Iron-based Materials

Iron-based superconductors

Fe-based superconductors appear in “1111”, “122”, “111” and “11” type crystal structures which all have the common motif of edge-sharing FeAs or FeSe tetrahedra. Within the “122” type two substitution series EuFe2-xTxAs2 (T = transition metal), containing the strongly magnetic Eu2+ species, were investigated. The mother compound EuFe2As2 has an antiferromagnetic ground state which is gradually suppressed with substitution of Fe by Co or by Ru. The onset of superconductivity is reported for Co substitution at x » 0.2 and for Ru substitution around x = 0.5. Our investigations together with EPR methods (in co-operation with the University Augsburg) and DFT calculations for the Ru series [1] give a clear picture of a strong reduction of the electronic density of states with increasing substitution with nominally isovalent Ru. This reduction is equally due to structural effects as well as to the direct change of the transition-metal states. Interestingly, the presence of Eu2+ spins (S = 7/2) has almost no effect on the electronic and magnetic properties of the Fe(Co)As layers. Therefore, the evolution of magnetic fluctuations of the layers can be successfully probed by Eu EPR even in such a concentrated system [2]. Further, our group contributed to the investigation of the magnetic and superconducting properties of Fe1+xSe materials [3,4].

Non-magnetic analogs to Fe-based superconductors

Iron-based pnictogen and chalcogenide superconductors often have “non-magnetic” analogs which are superconductors that crystallize in the same structure but consist of only non-magnetic elements. Often these analogs have a much lower superconducting transition temperature Tc, providing support for the argument that the magnetic element, viz. iron, is important for the enhancement of the Tc [5]. For example, SnO crystallizes in the same crystal structure as FeSe, has a similar Fermi surface and exhibits the same pressure dependence of Tc, albeit with a much lower Tc [5]. The analysis of SnO showed that the Fermi surface topology and the degree of nesting are important for the superconductivity, but that spin fluctuations are not essential for the appearance of superconductivity in the “11” structure type; rather, the spin fluctuations increase the coupling and thereby the Tc.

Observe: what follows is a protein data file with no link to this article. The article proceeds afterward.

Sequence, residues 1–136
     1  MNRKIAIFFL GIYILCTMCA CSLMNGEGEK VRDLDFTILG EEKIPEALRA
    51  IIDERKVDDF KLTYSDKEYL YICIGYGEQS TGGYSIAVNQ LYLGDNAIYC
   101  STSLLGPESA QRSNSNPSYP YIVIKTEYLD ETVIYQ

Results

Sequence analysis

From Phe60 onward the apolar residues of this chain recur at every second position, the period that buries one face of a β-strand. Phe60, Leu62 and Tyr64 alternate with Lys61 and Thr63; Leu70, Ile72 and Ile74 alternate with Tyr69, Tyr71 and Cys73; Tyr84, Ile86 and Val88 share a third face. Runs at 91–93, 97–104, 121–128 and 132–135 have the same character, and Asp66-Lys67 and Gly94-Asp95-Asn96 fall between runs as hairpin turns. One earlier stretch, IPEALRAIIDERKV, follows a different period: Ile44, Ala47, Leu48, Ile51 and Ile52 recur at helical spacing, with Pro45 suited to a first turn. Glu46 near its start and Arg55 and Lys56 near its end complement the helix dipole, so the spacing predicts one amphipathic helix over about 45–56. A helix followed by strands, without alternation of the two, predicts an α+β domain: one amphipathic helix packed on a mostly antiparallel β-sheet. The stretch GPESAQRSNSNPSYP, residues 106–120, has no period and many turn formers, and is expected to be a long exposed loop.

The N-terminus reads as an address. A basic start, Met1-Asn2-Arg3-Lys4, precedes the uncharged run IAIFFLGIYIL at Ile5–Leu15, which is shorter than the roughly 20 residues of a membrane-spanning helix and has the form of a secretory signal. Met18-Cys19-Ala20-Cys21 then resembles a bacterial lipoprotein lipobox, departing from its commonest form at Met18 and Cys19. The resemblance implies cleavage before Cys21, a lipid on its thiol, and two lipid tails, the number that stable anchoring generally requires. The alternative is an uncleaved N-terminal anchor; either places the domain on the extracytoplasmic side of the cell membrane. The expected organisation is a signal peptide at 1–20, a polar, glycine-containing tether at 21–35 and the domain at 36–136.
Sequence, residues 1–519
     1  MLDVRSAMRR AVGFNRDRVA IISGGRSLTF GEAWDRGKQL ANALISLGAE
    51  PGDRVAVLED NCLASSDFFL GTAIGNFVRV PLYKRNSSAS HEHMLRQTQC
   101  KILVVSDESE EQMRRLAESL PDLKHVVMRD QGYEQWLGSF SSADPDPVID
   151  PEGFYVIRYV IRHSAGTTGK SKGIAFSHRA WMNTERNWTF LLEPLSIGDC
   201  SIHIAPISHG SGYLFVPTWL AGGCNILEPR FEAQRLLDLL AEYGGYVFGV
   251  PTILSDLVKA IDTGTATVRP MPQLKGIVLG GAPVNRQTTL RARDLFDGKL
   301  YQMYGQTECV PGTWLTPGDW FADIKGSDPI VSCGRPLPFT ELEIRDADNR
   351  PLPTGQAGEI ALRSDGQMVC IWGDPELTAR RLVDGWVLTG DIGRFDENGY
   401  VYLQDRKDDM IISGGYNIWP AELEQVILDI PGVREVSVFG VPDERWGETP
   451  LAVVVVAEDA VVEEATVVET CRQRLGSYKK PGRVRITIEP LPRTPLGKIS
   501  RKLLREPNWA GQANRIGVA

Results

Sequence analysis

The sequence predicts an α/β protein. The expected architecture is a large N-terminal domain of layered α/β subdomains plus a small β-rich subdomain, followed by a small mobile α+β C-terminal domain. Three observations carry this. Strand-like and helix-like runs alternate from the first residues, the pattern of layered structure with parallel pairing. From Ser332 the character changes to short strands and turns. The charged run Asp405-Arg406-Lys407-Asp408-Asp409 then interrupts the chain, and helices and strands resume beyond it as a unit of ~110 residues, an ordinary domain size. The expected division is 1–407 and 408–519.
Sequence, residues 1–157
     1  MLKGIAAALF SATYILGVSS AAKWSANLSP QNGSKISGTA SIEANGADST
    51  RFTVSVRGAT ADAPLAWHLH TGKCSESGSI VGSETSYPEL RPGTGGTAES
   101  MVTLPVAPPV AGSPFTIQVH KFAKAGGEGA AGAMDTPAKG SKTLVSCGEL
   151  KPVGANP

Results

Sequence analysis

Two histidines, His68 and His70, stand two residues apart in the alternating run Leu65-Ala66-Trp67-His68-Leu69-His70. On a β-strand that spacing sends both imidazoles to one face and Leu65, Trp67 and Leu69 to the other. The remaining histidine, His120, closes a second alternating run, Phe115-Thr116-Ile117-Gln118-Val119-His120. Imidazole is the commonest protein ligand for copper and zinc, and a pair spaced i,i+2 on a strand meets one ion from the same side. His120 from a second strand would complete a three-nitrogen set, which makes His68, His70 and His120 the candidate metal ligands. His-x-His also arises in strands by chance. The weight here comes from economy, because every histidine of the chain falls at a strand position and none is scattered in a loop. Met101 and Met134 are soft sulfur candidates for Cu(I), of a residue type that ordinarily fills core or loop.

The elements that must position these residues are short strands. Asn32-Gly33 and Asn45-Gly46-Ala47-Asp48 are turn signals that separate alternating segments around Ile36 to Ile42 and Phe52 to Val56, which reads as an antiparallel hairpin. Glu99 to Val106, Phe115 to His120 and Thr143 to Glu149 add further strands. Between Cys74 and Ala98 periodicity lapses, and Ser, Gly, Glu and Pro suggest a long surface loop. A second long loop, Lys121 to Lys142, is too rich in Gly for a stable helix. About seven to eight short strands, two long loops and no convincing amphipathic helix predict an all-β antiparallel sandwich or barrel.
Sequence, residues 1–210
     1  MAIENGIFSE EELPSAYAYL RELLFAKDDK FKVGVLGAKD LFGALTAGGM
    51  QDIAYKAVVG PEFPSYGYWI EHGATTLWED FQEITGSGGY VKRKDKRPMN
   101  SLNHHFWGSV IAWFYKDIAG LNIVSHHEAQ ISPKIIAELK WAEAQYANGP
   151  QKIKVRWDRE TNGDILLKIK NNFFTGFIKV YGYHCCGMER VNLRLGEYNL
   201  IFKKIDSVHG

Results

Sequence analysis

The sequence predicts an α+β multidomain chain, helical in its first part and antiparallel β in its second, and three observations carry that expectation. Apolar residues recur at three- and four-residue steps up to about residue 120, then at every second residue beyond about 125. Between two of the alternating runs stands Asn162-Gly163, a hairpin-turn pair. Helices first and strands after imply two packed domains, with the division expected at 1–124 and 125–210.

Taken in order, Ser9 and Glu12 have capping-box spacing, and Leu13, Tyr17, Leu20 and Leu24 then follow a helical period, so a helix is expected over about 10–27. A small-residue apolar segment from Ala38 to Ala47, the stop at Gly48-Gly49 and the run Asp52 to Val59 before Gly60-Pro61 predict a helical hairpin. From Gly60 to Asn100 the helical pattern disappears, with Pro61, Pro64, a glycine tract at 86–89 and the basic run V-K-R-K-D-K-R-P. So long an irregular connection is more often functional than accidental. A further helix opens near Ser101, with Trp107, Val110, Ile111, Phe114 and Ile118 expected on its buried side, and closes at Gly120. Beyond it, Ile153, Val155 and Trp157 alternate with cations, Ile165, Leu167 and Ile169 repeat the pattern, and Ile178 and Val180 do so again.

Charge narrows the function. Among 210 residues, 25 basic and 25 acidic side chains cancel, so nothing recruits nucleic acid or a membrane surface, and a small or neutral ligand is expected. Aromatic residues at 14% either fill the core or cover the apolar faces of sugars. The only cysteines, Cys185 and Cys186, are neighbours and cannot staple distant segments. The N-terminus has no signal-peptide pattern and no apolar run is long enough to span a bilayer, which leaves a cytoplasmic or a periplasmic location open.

In the case of LiFeAs, the superconductor NaAlSi (Tc= 7 K) [6] can be viewed as its non-magnetic analog. The Fermi surfaces of the two compounds have been shown to have similarities [7]. Our investigations of NaAlSi under high pressure [8] showed that Tc initially increases with p and is then suppressed rather quickly beyond p ≈ 5 GPa. This behavior cannot be attributed to a structural phase transition as proven by x-ray diffraction experiments under pressure. Although pressure has a strong effect on superconductivity, DFT calculations demonstrate that it does not significantly alter the electronic structure. Similarly, a comparison of NaAlSi with non-superconducting NaAlGe showed, that the electronic structure cannot explain the different behavior regarding superconductivity. The fact that the density of states does not change around the Fermi level enforces the idea of a non-BCS model for NaAlSi but does not prove it. Further experimental and theoretical work will be required to determine what the dominant factors are in determining Tc in these analogs of the “111” pnictide superconductors.

In a different project [9], we observed bulk superconductivity with Tc = 0.6 K in the intermetallic compound HfCuGe2 (Fig. 1) which is structurally related to the “1111” Fe-based superconductors but contains only non-magnetic elements. These findings indicates that superconductivity tends to run in certain structure types, and the very low Tc observed supports arguments that the presence of magnetic Fe is important for obtaining enhanced Tc in this family.

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